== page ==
The English word "quixotic", meaning strange behavior distanced from reality, comes from the famous Spanish novel DON QUIXOTE, by Miguel Cervantes, which many centuries later remains the prime masterpiece of Spanish literature. Don Quixote is an aged, befuddled knight, influenced by romantic tales of chivalry and derring-do, who gets on his equally aged horse and accompanied by his rotund squire, Sancho Panza, rides off into the countryside to battle the forces of evil and to rescue damsels in distress.
The iconic scene from the novel is when Don Quixote attacks a windmill, mistaking it for a four-armed monster. The windmill captures his spear and deposits him unceremoniously on the ground. It is a perfect description of the continuous attempts over many years and multiple administrations in Jerusalem, Ramallah and Washington to square the Palestinian-Israeli circle.
President Trump, urged by Ron Lauder, has turned aside from much more significant matters, such as putting together a coalition to confront Iran and the terrorist organizations, to plunge into yet another quixotic quest to broker an agreement between two parties, neither of which wants it. While this tilting at windmills goes on for who knows how long and how many exhausting and fruitless meetings, President Trump's trip to Israel threatens to overshadow attention to other matters of much greater significance.
A massive cyberattack involving more than 100 countries and using methods devised by the US National Security Agency (NSA) dramatically demonstrates two facts: the trade secrets of the NSA and its foreign counterparts in the West have been systematically revealed by a series of traitors, and this will continue until the spy agencies stop using private contractors and take seriously their own security clearance systems, and when the governments and private organizations vulnerable to cyber-attack finally begin to take the threat seriously.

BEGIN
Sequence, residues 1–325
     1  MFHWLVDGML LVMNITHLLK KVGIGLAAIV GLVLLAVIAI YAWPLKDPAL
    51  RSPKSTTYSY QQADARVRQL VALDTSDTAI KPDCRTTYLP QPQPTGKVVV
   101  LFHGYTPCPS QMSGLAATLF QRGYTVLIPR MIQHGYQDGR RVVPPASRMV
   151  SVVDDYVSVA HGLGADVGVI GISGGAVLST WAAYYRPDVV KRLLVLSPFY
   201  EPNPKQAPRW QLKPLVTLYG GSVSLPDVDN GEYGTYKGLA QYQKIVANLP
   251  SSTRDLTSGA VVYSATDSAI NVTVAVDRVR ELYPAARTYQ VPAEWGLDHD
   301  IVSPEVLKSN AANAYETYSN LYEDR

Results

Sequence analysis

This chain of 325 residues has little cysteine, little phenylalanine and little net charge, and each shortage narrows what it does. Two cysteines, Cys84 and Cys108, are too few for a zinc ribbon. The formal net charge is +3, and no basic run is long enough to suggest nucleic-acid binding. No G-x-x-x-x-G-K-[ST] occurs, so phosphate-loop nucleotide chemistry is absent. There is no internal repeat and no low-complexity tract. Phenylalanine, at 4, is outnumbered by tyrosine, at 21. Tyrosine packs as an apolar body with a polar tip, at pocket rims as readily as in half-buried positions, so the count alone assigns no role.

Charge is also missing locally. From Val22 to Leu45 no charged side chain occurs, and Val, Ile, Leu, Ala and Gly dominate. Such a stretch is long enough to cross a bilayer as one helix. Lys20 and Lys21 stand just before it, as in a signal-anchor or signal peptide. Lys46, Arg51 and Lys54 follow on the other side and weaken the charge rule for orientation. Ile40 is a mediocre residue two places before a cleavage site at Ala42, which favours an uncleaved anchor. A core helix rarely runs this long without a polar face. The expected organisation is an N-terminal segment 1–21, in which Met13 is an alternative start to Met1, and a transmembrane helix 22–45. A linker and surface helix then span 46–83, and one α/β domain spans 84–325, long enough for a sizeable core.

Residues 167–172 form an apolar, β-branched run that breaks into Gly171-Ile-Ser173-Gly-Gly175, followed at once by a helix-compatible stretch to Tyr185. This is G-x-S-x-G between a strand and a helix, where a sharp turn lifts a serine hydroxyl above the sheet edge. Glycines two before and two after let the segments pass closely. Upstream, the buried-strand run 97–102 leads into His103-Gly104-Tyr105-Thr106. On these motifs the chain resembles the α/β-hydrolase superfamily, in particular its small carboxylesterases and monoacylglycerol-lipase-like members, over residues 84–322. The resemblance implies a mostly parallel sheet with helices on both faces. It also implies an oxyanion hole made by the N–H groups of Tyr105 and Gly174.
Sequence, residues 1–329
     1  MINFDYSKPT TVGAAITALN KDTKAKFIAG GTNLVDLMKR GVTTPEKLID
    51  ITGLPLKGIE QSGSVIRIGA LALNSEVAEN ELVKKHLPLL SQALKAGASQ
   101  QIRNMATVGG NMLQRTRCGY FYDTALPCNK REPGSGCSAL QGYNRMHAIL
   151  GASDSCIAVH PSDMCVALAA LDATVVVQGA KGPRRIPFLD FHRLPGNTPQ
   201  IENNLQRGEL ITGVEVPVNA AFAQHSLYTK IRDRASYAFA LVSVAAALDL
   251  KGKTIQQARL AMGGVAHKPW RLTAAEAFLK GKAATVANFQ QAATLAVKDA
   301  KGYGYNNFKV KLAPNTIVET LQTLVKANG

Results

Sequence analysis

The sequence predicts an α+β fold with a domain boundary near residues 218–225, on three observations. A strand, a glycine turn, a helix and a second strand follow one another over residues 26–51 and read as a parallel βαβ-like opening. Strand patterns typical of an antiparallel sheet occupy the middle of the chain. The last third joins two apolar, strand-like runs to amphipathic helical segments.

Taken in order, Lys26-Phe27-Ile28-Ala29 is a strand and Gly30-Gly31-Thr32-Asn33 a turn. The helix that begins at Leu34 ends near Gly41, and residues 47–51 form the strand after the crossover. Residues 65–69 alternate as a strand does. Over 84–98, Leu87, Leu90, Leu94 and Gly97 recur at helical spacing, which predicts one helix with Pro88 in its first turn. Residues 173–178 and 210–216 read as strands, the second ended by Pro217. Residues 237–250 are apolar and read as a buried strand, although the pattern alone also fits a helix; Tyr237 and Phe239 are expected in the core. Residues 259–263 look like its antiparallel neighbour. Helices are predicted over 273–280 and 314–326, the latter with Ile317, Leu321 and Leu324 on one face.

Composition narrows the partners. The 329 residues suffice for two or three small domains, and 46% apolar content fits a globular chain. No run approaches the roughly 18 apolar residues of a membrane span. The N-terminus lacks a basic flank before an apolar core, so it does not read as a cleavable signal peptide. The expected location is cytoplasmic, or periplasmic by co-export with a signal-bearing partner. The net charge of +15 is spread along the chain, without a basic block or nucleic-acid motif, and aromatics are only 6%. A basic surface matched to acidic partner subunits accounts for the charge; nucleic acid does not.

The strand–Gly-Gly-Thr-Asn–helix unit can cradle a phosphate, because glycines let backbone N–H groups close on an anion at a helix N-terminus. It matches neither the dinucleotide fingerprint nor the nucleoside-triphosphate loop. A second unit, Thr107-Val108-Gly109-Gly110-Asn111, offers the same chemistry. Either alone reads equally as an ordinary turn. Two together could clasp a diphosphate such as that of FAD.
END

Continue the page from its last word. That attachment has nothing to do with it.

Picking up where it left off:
Trump's naming of a commission to devise means of protecting the energy grid in the US is a step in the right direction, but much more needs to be done in this regard, as well as in devising plans to counter the possibility of electro-magnetic pulse (EMP) attacks by rogue states.
In this regard, Israel is in a relatively good position, having taken the threats seriously and creating a cyber-center in Beersheva to elaborate defensive measures as well as offensive capabilities. Israel is also involved in the impending inauguration of a hi-tech center in Jordan, sponsored by both governments, and another significant demonstration of the centrality of science and technology in today's international relations. With so much to be done in so many vital areas, it is truly tragic that both the US and Israel will waste so much time and so many resources tilting at the Palestinian windmill.
Norman A. Bailey, Ph.D., is Professor of Economics and National Security, The National Security Studies Center, University of Haifa, and Adjunct Professor of Economic Statecraft, The Institute of World Politics, Washington, DC. He was formerly with the US National Security Council and the Office of the Director of National Intelligence.
The views he expresses are his own and do not necessarily reflect those of "Globes".
Published by Globes [online], Israel business news - www.globes-online.com - on May 14, 2017
© Copyright of Globes Publisher Itonut (1983) Ltd. 2017